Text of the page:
Planetary Nebula Jonckheere 900

Jonckheere 900
Jonckheere 900: Imate taken with Hubble Space Telescope, © 2012 ESA/Hubble & NASA, Josh Barrington [43]

History

This nebula was discovered on 8 October 1912 by Robert Jonckheere at Lille University Observatory while searching for new double stars. He noted: «It consists of a planetary nebula 3" in diameter with two stellar points which form a double star at 148.0° 2.17", 9.8 and 9.8 mag. The total luminositoy of the nebula is about 9.5 mag and it takes a fairly high magnification to recognise its non-stellar character. There is a 10.3 mag star at 193.2° 11.1".» [42]

Physical Properties

J 900 is a planetary nebula, small but fairly bright with a relatively evenly spread central region surrounded by soft wispy edges. The nebula appears to display a bipolar structure, where there are two distinct lobes of material emanating from its centre, enclosed by a bright oval disc. [43] Simbad lists apparent magnitudes in different bands: V 12.5; G 17.11; J 11.6; H 11.2; K 10.1. Distance is ~3.9 kpc. [145]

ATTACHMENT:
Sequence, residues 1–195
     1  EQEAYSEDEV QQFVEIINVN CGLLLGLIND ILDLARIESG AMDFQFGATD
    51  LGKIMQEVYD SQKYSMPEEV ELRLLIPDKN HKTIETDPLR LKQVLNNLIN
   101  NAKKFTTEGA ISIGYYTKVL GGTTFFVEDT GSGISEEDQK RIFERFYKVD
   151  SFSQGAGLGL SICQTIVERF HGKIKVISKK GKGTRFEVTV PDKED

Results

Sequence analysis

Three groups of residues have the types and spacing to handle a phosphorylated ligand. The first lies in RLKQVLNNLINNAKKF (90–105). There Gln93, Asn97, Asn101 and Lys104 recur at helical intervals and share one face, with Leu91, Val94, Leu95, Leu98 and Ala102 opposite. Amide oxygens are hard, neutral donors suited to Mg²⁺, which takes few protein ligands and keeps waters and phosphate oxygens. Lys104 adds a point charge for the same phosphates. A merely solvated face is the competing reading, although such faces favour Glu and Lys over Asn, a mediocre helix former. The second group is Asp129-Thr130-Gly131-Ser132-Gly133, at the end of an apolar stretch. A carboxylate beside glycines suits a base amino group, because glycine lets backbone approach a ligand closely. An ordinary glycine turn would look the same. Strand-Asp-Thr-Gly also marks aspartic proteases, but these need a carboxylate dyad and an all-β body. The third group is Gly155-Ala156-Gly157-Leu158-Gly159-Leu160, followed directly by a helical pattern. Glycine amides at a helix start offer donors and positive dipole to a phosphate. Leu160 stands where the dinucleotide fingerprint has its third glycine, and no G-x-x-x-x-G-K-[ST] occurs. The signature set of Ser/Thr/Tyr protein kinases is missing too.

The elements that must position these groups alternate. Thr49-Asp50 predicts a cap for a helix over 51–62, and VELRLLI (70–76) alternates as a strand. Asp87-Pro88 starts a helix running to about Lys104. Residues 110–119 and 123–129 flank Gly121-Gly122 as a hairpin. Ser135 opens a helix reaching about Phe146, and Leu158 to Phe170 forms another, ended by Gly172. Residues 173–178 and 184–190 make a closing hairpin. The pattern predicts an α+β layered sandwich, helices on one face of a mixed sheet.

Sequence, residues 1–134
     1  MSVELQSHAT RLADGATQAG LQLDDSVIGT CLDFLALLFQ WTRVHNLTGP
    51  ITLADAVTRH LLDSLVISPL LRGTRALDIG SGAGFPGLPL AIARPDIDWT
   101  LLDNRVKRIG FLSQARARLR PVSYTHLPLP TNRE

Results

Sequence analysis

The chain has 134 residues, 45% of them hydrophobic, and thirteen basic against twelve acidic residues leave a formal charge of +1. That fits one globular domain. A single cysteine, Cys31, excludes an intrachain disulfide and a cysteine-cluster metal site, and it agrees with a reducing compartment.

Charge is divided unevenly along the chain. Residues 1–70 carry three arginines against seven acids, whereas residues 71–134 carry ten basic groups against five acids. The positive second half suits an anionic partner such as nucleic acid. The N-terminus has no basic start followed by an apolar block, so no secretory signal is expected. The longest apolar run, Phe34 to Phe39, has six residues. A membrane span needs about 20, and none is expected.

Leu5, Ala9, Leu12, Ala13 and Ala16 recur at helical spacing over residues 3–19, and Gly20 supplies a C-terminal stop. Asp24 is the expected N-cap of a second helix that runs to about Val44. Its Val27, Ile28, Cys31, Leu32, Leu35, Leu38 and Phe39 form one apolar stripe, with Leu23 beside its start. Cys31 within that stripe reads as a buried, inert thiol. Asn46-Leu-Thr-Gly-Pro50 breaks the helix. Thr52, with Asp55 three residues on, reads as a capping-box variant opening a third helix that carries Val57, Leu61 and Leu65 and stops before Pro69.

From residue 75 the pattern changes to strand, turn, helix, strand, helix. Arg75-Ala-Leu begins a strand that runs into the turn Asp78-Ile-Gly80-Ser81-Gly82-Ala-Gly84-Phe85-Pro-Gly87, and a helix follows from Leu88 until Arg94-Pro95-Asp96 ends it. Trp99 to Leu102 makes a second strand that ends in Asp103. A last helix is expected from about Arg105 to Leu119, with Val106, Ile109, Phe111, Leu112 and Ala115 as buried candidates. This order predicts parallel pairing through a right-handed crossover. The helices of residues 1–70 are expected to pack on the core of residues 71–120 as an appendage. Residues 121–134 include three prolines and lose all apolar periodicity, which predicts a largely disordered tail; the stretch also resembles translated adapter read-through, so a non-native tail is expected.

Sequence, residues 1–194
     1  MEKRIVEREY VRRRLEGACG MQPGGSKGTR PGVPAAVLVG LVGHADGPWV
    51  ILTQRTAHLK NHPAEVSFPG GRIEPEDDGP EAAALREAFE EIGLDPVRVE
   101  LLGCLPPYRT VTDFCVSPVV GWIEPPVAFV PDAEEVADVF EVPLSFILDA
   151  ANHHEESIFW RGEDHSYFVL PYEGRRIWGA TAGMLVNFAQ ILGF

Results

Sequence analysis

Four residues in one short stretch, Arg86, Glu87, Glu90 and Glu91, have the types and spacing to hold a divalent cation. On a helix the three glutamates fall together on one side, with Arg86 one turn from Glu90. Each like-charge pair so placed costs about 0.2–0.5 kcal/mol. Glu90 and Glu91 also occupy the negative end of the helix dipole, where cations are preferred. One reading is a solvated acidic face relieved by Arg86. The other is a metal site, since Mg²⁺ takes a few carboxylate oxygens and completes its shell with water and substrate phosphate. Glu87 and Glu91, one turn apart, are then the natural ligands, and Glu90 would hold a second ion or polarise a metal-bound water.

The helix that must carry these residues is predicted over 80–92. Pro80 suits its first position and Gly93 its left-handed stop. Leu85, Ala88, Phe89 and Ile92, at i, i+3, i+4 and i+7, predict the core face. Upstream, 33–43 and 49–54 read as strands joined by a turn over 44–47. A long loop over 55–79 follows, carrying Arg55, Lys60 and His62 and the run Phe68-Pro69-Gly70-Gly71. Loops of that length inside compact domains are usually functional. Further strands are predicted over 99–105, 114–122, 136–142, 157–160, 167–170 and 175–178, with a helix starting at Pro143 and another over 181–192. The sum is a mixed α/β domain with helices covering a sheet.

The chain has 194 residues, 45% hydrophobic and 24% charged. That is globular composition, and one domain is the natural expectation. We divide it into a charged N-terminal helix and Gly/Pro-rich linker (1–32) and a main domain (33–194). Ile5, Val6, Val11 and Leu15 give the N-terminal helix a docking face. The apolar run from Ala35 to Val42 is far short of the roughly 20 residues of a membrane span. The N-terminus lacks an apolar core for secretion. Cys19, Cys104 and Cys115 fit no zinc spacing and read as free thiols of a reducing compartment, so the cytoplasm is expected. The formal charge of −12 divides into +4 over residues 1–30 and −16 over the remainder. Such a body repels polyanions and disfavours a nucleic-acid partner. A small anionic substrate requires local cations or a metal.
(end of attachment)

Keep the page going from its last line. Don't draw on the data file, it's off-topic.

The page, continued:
«Strasbourg-ESO Catalogue of Galactic Planetary Nebulae» Acker et al., 1992 [141]
Designations PN G194.2+02.5: J 900, PK 194+02.1, ARO 92, VV 28, VV'44
Right Ascension (J2000.0) 06h 25m 57s
Declination (J2000.0) +17° 47' 27"
Dimensions 9." (optical), 6." (radio)
Distance 2.0 kpc
Radial Velocity +47.2 ± 0.4 km/s
Expansion Velocity 18. (O-III) km/s
C-Star Designations AG82 63
C-Star Magnitude V: 17.8
C-Star Spectral Type WC ?
Discoverer JONCKHEERE 1916

Finder Chart

The nebula Jonckheere 900 can be found in the contellation Gemini. The best time for observation is in the months October through April.

Finder Chart Planetary Nebula Jonckheere 900
Planetary Nebula Jonckheere 900 in constellation Gemini. Charts created using SkySafari 6 Pro and STScI Digitized Sky Survey. Limiting magnitudes: Constellation chart ~6.5 mag, DSS2 close-ups ~20 mag. [149, 160]

Objects Within a Radius of 15°

References